My dad, waiting at 11pm in the gray Chevy S-10 Blazer that would later be my first car, expected nothing, the first night of my employment, but to take me home. Instead, I walked out with a huge bag of unsold leftovers—cheeseburgers, chicken nuggets, fries, and more (we did prepare some food in advance, at times, but certainly the age of these sandwiches could not be measured in minutes)—that we scarfed at the kitchen table that night, as my mother watched with something like scorn and pride washed across her face. Her son, making his way.

Soon a half-filled bag of McDonald’s leftovers became a staple in the crisper drawer of our refrigerator. Or two bags did, or three. Lunches would be McDonald’s leftovers. They were free! They tasted good, when reheated, kind of. The reward, the Special Treat food, became the daily, the monotonous. And that’s sort of what happened with America as well, as our obesity levels soared and our vital signs plummeted, and the Drive-Thru lines became ever more packed, forcing my colleagues into the parking lot with wireless order-taking computers.

Despite my steadily increasing pant size, Al had a pat greeting for me whenever he was in the restaurant, usually a couple times a week at the start of my shifts. “Paul, looking good! Have you lost a few pounds?” Nothing could warm the heart of a rapidly-growing—in the horizontal and vertical—teenaged boy more.

My junior prom date was a coworker from a neighboring town, who I would’ve never met without the job, and the type of girl I would’ve never been able to talk to, for all sorts of reasons, most of all her devastating beauty, but whom I could charm and get to know while whiling away hours between in front of the milkshake machine and behind the formica counter, on countless weekday afternoons.

Eventually I was fired, in an answering machine message, by the manager who let me drive his car on a busy four lane road while he lolled in the passenger seat and told me to not to grind the gears. I was a reasonably smart kid, but I was also too precocious. When I explained to him that all the food we sold was a loss leader for the high-margin sodas that were at that time coming in 48-oz. cups, he was fascinated, having never considered the economics of operating the restaurant, beyond daily sales figures, but also threatened. I hadn’t learned the lesson of that first day on the 2nd window; I showed him up.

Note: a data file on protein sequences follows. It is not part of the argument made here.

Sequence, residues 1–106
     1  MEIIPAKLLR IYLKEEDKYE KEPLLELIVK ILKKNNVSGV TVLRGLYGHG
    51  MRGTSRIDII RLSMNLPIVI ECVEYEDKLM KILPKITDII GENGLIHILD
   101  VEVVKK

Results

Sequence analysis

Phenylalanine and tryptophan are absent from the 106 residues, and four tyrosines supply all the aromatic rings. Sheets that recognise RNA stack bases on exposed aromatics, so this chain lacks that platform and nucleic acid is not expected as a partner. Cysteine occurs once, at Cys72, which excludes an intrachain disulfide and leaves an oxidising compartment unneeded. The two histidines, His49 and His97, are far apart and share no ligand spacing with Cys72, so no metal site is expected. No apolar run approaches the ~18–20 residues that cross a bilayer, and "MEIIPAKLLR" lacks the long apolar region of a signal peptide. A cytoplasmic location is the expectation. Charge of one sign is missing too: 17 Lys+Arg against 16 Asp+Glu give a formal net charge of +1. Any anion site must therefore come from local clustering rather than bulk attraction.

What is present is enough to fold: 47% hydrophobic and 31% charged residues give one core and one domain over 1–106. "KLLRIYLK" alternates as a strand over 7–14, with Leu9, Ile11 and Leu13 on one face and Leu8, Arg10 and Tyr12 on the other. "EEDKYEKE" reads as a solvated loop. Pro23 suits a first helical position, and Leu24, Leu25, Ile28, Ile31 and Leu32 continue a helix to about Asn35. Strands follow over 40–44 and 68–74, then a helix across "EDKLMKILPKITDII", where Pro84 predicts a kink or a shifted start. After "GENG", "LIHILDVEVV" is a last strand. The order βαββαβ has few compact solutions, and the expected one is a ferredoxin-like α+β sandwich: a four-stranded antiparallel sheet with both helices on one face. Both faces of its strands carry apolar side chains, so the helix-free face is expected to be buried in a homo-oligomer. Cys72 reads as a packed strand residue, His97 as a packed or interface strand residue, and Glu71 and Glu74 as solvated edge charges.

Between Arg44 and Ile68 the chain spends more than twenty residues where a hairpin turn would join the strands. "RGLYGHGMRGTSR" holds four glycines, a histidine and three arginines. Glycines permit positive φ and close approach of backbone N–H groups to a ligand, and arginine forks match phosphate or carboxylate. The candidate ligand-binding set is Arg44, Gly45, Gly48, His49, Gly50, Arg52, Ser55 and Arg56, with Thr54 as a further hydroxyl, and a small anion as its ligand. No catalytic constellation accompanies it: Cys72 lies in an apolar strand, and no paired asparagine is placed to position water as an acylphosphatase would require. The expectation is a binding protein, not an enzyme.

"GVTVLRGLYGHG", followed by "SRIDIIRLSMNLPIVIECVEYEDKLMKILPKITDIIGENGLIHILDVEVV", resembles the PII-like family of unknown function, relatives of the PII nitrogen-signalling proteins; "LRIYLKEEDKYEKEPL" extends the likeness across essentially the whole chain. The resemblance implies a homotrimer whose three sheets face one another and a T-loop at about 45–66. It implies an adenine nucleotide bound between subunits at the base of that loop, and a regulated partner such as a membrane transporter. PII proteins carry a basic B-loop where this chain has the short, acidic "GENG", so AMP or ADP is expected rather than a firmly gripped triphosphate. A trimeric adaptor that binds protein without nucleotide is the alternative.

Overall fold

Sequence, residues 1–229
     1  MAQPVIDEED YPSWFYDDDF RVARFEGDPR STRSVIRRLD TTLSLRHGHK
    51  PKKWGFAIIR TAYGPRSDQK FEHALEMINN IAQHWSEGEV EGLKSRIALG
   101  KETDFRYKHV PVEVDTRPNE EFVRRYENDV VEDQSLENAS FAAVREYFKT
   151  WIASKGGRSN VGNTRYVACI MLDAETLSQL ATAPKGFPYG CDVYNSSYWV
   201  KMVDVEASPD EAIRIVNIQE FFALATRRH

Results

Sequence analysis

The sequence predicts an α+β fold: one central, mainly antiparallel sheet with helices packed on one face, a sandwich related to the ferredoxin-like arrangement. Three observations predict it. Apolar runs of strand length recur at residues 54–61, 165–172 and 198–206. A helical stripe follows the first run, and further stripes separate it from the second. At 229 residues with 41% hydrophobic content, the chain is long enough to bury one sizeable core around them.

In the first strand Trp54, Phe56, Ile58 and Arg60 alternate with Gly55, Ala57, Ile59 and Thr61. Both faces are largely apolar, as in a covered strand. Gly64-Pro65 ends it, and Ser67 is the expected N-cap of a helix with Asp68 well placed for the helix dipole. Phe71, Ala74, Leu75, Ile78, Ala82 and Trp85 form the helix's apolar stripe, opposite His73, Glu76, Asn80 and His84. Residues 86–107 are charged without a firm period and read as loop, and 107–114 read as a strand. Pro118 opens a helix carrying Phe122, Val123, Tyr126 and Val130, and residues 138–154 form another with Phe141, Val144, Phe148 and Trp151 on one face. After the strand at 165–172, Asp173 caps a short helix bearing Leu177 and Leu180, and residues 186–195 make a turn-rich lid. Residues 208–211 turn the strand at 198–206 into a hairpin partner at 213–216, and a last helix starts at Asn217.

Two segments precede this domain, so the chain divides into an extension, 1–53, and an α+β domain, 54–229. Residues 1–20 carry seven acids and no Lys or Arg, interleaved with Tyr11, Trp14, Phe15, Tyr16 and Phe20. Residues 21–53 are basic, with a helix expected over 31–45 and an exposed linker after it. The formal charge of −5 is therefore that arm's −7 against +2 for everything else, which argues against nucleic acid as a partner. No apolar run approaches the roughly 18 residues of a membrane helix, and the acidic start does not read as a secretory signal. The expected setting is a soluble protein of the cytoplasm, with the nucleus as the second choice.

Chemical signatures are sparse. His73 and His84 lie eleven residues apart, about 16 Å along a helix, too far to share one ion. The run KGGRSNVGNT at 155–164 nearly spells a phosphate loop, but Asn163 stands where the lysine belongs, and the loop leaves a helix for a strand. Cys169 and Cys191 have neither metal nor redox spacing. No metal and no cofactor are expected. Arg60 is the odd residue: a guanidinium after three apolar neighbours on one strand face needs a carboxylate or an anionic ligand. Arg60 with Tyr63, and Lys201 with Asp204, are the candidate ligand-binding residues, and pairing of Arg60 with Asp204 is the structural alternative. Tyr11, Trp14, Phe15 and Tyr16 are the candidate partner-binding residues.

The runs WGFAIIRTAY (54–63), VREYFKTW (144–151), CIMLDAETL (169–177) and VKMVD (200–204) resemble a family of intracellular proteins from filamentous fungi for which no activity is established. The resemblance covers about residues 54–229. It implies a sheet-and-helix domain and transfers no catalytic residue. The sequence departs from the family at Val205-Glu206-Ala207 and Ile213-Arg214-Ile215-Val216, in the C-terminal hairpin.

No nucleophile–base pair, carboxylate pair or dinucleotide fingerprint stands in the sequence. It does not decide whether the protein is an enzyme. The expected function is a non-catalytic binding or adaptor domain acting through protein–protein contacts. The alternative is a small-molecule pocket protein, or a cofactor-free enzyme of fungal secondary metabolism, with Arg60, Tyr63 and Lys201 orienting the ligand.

After that, I quit eating McDonald’s for the most part, though I would occasionally return for sustenance and nostalgia. I had a serious fling with the on-campus Burger King in college, and a decade-long bout with my weight that only ended when I cut out all processed foods and began weighing myself every day to be sure I was losing, or at least maintaining mass, on a 10-day trend line.

These days, a friend tells me his wife informs their toddler that McDonald’s is “poison food” and the company’s claim on our national and even global stomachs continues to erode. Even a video where McDonald’s, in a grasp at transparency, explains the bulk of the 19 ingredients in their french fries are actually chemical agents present in two cooking oils falls flat. The potatoes I fry at home don’t require a defoaming agent in the oil, or a chemical “to keep them from going gray.” Our standards for freshness, quality and taste, mercifully, may have risen beyond the thousand-link logistical supply chain required to keep a place like McDonald’s perfectly homogenous around the country and the world. But, there was a time.

Al, when he heard how the manager had treated me, called to offer me my job back, with a raise, but I had just been nominated for Boys State by my high school, which is a kind of civics sleep away camp run by the American Legion veterans association. Instead of returning to my post, my new girth and I schlepped down to a college campus in South Jersey, where I learned how talk about fake politics, and was two petition signatures away from getting to run for Boys State governor, after having started the week as a di Blasio-style operative, lurking in the shadows and side conversations of our fictitious “town.”

When I last saw Al, I brought him my two teal uniform shirts, my hat, and also my collection of pins—those enameled pieces of flair advertising products, characters, positive attitudes, can-do willingness and bon-homie—that had been pinned neatly on my shirt, and my name badge.

As seems to be happening with McDonald’s across America today, in our fast-casual Chipotlified world, my era of McDonald’s was over, and I wanted to forget the whole business, that I had ever been there at all. Al asked me once more if I would consider returning to the job, but I declined. “No, no, one thing,” he said, as I walked toward the back door of the store for the last time. “The pins, the name tag. Those are yours to keep, forever.” I still have them.